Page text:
Earning a nurse practitioner degree and becoming an NP is a rewarding career path for nurses in many locations around the nation. However, some states allow NPs to oversee more than others, effectively granting them much more autonomy.
While some states grant NPs partial autonomy, others offer full practice authority (FPA), which enables them to practice without the oversight of a physician.
22 States with NP Practice Autonomy
Discover which 22 states have NP practice autonomy as of August 2017, and learn where nurse practitioners can find higher level working environments. Note that state regulations change frequently, and advance practice nurses should check with state nursing boards for the most current regulations.
In Alaska, all NPs have FPA. As Nurse Practitioner Schools explains, this allows them to evaluate and diagnose patients, analyze tests, and manage treatment plans. NPs may also apply for the authority to prescribe Schedule II to V controlled substances, though not all professionals in the field have this ability.
In Arizona, licensure through the Arizona Board of Nursing includes full prescriptive authority. NPs must submit a Controlled Substance Prescription Monitoring Program (CSPMP) application and register with the Drug Enforcement Agency (DEA) before prescribing medications to patients.
NPs who work in Colorado have FPA and the potential to gain full prescriptive authority after completing 1,000 hours of practice with provisional prescriptive authority. Before obtaining full prescriptive authority, NPs require oversight from a physician or a mentoring NP.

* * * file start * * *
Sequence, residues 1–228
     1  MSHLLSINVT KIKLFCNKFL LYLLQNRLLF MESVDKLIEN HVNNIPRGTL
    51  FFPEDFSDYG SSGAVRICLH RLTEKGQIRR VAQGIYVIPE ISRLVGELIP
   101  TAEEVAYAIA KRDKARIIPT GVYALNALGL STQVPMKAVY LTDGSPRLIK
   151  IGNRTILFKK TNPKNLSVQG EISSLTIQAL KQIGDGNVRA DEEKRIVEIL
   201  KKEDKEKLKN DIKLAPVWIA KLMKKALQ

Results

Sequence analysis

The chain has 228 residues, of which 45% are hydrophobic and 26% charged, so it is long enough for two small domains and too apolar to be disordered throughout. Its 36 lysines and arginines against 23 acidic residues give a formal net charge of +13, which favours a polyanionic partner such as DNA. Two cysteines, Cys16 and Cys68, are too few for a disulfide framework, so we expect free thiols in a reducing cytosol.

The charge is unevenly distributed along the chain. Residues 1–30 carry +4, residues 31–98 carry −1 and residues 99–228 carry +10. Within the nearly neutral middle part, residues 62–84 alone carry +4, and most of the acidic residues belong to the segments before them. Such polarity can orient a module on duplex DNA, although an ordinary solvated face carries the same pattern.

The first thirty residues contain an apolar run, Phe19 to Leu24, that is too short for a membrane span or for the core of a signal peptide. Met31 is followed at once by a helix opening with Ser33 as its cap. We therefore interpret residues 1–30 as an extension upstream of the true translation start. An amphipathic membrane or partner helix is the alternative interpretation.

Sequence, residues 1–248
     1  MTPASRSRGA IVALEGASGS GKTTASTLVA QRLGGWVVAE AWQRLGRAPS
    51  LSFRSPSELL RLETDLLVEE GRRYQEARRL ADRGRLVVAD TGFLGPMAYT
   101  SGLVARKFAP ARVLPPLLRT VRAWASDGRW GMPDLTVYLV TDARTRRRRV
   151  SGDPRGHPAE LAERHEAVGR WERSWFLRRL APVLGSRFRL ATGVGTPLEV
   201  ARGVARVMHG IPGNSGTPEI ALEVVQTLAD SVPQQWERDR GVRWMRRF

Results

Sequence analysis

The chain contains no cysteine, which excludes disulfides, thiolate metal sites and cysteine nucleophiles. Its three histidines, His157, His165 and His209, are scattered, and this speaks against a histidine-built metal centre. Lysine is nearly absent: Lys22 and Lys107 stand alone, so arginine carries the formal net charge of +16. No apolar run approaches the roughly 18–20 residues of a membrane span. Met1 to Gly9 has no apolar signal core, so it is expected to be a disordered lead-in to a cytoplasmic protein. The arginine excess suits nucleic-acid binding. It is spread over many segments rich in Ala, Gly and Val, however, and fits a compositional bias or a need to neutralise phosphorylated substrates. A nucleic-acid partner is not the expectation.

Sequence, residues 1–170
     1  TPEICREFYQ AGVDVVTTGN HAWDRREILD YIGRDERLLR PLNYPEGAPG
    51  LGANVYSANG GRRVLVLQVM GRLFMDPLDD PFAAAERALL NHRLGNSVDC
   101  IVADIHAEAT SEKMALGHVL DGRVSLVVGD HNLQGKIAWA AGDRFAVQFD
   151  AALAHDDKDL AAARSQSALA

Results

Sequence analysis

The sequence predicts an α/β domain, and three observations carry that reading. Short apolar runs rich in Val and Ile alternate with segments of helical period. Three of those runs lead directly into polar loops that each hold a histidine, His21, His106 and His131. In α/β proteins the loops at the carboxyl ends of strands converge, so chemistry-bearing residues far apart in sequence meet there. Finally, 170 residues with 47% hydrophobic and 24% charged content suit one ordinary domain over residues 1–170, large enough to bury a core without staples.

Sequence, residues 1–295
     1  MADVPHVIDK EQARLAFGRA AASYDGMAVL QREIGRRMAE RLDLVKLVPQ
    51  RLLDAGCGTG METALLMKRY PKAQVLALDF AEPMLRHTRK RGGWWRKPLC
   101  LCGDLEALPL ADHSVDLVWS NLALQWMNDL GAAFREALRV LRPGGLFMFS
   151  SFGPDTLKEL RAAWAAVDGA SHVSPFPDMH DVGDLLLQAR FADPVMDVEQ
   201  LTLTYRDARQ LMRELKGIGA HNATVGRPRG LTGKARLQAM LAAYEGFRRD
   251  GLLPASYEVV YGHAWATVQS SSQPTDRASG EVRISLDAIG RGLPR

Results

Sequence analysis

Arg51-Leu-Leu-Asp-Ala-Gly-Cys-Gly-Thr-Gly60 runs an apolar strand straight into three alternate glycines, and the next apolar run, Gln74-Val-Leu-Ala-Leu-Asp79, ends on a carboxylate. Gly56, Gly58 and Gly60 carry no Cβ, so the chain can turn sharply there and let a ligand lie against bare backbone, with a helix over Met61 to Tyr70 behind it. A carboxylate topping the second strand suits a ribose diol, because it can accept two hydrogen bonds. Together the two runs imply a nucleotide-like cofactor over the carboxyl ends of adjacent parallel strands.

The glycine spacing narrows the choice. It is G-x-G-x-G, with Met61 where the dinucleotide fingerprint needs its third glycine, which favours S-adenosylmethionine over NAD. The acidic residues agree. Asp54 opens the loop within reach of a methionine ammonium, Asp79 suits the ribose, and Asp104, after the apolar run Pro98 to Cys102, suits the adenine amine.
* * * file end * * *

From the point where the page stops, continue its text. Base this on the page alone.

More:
Like NPs in Colorado, those who work in Connecticut require physician oversight for a time. In Connecticut, NPs must work with a physician for three years before earning FPA.
Hawaii may have one of the smallest pools of licensed NPs, but according to NurseJournal, salaries in this island state are among the highest in the nation. In addition to having FPA, NPs in Hawaii earn an annual mean wage of over $117,000.
NPs in Idaho have FPA, so they can advise, diagnose, and treat patients. In this largely rural state, professionals who earn advanced practice registered nurse (APRN) licensure also have the authority to prescribe medications to patients. They must complete 30 hours of qualifying continuing education (CE) courses to earn prescriptive authority. In Idaho and neighboring Wyoming, advanced practice nurses can practice in both states, due to advance practice nursing (APN) compact legislation.
In Iowa, NPs can advise, diagnose, and treat patients without physician oversight. Those with advanced registered nurse practitioner (ARNP) licensure may also lead their own independent practices while focusing on their area of specialty. While not all NPs can prescribe medications, professionals with ARNP licensure can do so without oversight.
NPs in Maine have full practice authority. Those with APRN licensure can prescribe medications.
In Maryland, licensed NPs can treat patients without the oversight of a primary care physician. Professionals with APRN licensure can also prescribe drugs, but they have to register with the state’s Prescription Drug Monitoring Program (PDMP). This is intended to lessen opioid abuse among at-risk patients.